As both a stockholder and a prescriber of Dendreon's (DNDN) lead product, Provenge, I would like to submit the following real world cost analysis that relates to a major factor in the "acceptance" of the Provenge treatment. Acceptance, of course, means sales.
Sales means a rising or falling stock price, and if any barriers exist to sales that have not yet been covered in Seeking Alpha, I wish to add to this body of knowledge. This will help a US investor decide on whether shares are purchased at this time. Recently, the stock has taken a huge nosedive, around 70% off its prior value due to missed sales forecasts. Investor doubt has been fueled by mere speculations as to why the sales or "acceptance" of this new technology is slow.
Information on the inner workings of the "acceptability" of Provenge comes from the front line. This is where I work. I have seen very little of such actionable investment analysis thus far.
I also propose at the end of this article, suggestions for change; if they come to be realized by DNDN's front office, it could enhance the usage of Provenge on the front lines. More and more articles are being published about the importance of getting the community urologists on board, as there is resistance in the academic oncology and chemotherapy realms. DNDN representatives concur their future focus will be on the urologists in all settings.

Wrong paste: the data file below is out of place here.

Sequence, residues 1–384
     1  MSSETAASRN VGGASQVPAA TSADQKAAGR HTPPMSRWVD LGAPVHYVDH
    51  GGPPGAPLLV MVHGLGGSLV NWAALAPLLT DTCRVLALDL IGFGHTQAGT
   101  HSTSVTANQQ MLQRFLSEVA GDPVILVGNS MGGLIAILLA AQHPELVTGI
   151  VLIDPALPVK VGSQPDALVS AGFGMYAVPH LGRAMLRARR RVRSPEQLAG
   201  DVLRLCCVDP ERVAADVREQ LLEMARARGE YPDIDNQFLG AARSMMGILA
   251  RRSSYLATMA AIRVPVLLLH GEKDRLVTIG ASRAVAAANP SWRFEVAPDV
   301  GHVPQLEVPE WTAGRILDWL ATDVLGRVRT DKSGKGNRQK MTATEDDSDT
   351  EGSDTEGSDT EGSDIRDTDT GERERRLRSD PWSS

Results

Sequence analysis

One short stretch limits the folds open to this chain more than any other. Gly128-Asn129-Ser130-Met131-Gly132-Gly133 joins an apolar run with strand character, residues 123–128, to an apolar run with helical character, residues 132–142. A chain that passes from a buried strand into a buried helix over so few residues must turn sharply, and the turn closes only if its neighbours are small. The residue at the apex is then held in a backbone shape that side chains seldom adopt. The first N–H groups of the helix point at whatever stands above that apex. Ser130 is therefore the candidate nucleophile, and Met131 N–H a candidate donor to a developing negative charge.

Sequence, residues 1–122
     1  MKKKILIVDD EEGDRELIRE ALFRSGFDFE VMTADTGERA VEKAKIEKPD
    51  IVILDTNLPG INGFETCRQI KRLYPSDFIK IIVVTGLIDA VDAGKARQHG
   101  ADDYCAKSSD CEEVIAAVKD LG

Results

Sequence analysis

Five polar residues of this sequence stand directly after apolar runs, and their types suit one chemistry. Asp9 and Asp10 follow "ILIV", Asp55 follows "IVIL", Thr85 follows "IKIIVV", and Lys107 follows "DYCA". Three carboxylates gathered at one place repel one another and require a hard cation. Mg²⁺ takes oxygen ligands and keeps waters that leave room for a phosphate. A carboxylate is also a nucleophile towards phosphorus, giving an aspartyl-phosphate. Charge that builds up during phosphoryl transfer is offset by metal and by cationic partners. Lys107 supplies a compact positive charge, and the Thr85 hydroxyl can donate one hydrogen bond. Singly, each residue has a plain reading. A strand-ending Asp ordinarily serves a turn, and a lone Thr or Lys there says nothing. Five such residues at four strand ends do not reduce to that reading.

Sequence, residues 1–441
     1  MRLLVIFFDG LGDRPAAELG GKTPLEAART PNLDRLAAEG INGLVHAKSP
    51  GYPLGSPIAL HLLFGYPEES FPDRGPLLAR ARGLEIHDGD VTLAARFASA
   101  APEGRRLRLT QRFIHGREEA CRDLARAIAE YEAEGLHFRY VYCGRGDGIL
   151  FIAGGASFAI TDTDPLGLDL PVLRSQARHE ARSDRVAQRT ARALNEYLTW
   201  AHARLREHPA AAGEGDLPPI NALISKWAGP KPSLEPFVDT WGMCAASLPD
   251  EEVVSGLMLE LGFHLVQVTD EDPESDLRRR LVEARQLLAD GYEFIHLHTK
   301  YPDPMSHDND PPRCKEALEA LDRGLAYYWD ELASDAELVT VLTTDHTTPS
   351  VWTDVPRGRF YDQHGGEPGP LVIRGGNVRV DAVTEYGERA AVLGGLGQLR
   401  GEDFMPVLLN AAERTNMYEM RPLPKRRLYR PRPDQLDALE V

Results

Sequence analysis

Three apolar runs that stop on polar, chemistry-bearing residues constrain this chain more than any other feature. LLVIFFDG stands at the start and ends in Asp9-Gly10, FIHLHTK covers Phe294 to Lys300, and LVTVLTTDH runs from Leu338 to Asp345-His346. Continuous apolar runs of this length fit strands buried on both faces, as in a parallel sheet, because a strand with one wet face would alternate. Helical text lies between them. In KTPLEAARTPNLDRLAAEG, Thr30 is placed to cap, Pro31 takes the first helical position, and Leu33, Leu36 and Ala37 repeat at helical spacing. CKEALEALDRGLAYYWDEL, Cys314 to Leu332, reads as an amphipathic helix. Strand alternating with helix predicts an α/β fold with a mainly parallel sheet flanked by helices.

Aside from the fundamentals analyzes that were previously proposed by contributors, I see a major flaw - no real analysis of the real world costs incurred in prescribing the treatments. As these dwindle to actual net reimbursement, the financial desire of practices (especially small community urologists, in my case) is being overestimated.
As a community urology Physician Assistant, I have seen that our practice will begin prescribing Provenge very soon. I am not directly reimbursed for any of the $5,000 to be grossed on the three infusions, but I have some important observations to make about the potential actual net gain to be made by a practice.
I do not intend to place blame on insurances or patients who do not pay their bill, yet can afford to go to Cancun. This system is busted. I cannot drive my car out of the mechanic's shop without paying him. His charges are not regulated, and are market driven. His charges over material costs approach 500% at times. I'm in the wrong business for money making.
To review, National Coverage Determination has been established, a Q-code is available, and a J-code is pending. That is all good news, and the physicians and billing departments can take that as a positive. This is not what I'm writing about.
Due to major inefficiencies in the Dendreon organization involving the paperwork used to get a patient on board with Provenge, our practice has decided to treat one patient and wait to see if we are reimbursed, but more importantly to step back and "take a pulse". Based on the inefficiencies I will mention below, we are attempting to identify shortfalls and inaccuracies that would threaten our ability to continue prescribing this treatment. Essentially, we have to develop our own in-office system for the paperwork flow, and assign roles of each certain employee in the paperwork process.